Davon McRae and other District firefighters respond to a car accident Monday in the Third Street Tunnel. (Calla Kessler/The Washington Post)

Inside the fire station in Shaw known as “The Big House,” the name Kevin McRae is inescapable.

It’s on placards over doorways. It’s enshrined behind glass in the watch room. It’s on the backs of T-shirts worn by firefighters. It’s etched on the passenger-side door of Engine 6.

Lt. Kevin McRae, 44, died in March 2015 after suffering a heart attack while fighting a fire at an apartment building. This week his son, Davon McRae, started as a firefighter in the same firehouse his dad had been assigned to, at New Jersey Avenue and N Street NW.

His father was the 100th D.C. firefighter to die in the line of duty. The younger McRae’s cousin, James McRae III, was the 99th to die, in 2007. Davon McRae graduated with 20 others from the cadet program on Friday, the 10th anniversary of his cousin’s death.

Firefighting in big cities across the country is a family affair, and it’s not unusual in the District and elsewhere to find multiple generations on the force. But in the District, at least, Davon McRae’s circumstances stand out, seen as the ultimate honor to his family and the toughest mental challenge. He is riding in the very engine that carried his father’s casket from funeral to cemetery.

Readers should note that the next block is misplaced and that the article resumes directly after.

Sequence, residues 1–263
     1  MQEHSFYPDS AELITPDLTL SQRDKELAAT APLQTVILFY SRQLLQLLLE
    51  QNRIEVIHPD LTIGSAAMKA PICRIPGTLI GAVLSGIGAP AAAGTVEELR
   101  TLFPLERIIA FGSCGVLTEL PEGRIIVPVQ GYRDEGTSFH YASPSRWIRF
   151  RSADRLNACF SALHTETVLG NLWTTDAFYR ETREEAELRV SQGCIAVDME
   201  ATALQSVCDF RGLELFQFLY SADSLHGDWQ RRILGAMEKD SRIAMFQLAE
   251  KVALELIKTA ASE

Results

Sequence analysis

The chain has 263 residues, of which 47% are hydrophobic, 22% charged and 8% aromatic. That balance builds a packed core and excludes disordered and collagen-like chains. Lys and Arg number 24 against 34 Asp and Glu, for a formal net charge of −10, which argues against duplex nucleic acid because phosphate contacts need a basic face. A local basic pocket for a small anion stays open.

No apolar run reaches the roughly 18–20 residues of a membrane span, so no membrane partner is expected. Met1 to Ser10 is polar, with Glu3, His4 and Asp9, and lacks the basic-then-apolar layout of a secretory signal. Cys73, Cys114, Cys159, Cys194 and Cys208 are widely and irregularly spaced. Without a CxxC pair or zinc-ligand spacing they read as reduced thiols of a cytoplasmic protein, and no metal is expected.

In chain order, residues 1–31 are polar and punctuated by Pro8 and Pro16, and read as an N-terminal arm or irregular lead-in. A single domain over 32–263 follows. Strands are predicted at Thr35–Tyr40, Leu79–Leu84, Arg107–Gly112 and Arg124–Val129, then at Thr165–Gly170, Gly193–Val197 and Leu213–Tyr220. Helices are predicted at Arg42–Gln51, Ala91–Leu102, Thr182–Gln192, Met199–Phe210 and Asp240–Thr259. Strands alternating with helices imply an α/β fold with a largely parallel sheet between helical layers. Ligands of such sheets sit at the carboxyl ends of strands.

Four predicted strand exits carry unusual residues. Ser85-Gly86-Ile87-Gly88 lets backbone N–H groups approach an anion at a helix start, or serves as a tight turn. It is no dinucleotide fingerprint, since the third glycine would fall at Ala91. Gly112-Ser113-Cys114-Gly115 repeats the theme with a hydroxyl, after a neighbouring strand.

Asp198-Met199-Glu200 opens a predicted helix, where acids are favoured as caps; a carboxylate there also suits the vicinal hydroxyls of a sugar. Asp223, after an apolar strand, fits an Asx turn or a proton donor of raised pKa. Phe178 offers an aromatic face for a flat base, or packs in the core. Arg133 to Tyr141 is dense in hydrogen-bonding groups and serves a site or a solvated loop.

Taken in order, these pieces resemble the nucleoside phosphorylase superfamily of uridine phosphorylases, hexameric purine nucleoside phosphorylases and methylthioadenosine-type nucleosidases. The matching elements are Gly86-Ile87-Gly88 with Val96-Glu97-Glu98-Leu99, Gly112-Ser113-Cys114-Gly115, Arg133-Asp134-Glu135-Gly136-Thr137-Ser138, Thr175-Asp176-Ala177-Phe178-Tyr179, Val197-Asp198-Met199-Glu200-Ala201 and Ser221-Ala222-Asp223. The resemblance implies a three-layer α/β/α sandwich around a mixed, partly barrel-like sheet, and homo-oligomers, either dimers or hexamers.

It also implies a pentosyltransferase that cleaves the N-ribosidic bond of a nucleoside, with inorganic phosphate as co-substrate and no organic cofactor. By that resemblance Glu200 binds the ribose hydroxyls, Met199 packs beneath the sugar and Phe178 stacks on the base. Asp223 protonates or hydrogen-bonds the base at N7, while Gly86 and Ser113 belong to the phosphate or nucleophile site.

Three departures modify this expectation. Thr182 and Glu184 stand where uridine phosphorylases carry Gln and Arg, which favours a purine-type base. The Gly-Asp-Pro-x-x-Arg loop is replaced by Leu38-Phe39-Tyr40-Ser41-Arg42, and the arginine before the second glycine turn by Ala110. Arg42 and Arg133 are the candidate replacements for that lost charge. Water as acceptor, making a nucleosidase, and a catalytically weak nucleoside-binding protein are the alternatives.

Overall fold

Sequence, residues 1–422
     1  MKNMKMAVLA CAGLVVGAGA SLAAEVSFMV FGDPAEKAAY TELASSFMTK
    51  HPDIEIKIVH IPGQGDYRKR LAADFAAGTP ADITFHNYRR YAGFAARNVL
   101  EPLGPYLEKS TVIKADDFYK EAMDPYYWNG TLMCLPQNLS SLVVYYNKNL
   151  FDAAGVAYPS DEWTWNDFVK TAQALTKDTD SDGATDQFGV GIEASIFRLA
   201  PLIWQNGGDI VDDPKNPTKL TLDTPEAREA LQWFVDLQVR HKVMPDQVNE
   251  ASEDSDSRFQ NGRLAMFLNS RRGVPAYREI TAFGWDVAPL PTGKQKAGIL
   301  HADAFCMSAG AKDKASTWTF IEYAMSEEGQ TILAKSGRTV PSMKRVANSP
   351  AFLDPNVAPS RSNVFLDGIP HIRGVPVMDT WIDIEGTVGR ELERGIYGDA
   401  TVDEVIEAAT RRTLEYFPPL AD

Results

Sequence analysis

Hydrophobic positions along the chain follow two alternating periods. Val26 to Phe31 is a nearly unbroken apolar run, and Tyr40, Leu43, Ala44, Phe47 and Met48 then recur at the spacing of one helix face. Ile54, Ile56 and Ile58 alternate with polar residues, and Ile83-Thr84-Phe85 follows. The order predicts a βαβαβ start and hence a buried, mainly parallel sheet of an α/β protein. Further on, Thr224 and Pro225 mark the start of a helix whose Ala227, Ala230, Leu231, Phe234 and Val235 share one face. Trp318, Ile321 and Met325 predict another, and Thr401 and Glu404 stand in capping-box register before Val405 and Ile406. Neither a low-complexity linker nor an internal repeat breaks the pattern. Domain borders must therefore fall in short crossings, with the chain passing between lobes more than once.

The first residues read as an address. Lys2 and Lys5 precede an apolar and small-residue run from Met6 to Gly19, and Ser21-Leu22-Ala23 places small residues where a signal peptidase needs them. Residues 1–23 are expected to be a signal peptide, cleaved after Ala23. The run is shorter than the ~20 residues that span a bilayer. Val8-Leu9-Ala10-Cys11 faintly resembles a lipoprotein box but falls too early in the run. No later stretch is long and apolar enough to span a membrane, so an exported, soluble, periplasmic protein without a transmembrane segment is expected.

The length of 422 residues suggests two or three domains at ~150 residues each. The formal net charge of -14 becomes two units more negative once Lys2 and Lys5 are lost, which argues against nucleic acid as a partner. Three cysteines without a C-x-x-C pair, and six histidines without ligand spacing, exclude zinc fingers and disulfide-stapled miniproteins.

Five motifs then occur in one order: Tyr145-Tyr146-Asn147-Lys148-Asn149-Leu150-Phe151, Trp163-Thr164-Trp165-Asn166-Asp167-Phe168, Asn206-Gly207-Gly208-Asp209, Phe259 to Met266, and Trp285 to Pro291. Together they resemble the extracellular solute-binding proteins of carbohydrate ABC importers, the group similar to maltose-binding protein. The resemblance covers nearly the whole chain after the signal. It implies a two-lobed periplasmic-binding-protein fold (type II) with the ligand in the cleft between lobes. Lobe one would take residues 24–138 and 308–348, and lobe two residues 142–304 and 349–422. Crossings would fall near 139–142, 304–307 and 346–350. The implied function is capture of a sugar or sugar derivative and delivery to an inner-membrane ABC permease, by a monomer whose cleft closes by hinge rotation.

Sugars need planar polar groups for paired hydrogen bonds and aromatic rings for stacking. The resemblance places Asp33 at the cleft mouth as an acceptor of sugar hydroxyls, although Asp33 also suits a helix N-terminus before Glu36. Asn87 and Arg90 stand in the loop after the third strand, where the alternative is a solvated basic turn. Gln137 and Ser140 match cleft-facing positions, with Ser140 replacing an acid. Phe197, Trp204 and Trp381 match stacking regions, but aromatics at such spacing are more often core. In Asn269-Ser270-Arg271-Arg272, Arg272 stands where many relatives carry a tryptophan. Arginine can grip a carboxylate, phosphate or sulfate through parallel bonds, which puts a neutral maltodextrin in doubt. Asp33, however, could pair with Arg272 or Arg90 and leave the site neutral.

“Looking at it from the outside, you could say this is extremely hard to pass by all these memorials and these pictures” of his dad, said Lt. Mark Trace, a 13-year veteran who runs the Engine 6 crew. “But from a fireman’s standpoint, it’s the best thing in the world to work where your father worked. That’s a privilege that a lot of people don’t get.”


A memorial to Kevin McRae at the firehouse in Northwest where he served. (Calla Kessler/The Washington Post)

Davon McRae is now a firefighter in the same firehouse where his father served. (Calla Kessler/The Washington Post)

In many ways, McRae’s first day on Monday was a homecoming — he knew many of the firefighters through frequent visits to the station while he attended Dunbar High School across the street. But McRae still is a “probie,” a probationary firefighter who for the next 18 months has to prove himself. On Monday, he was drilled on procedure, razzed for grabbing seconds at lunch, tasked with filling out the daily journal of calls and assigned to wash the dinner dishes.

When McRae boasted of his high school basketball skills — “I was good” — Trace was quick to put him back in his place. “Not good enough,” the lieutenant reminded.

Just a few hours into McRae’s first 24-hour shift, Trace lined up the veterans and the newbies. As they faced Engine 6, the younger McRae staring at his father’s name on the door, the lieutenant addressed the taller, lankier and quieter version of the elder.

“You’re not going to be treated any different,” Trace told the 20-year-old McRae. “You’re going to be treated the same as every probationary that walks through the door. There will be no special favors. You’re probably going to have it worse than everyone else, you know that?”

“Yes, sir,” McRae answered.

And so a son embarked on the career of his father. He said he’s up to facing the constant reminders of his father’s death while at the same time trying to forge a distinct identity. He said his father wanted him to be a firefighter, but his heart was in sports. At 6-foot-3, he excelled as a forward for Dunbar’s varsity basketball team — not bulky enough to play center — and he also played football.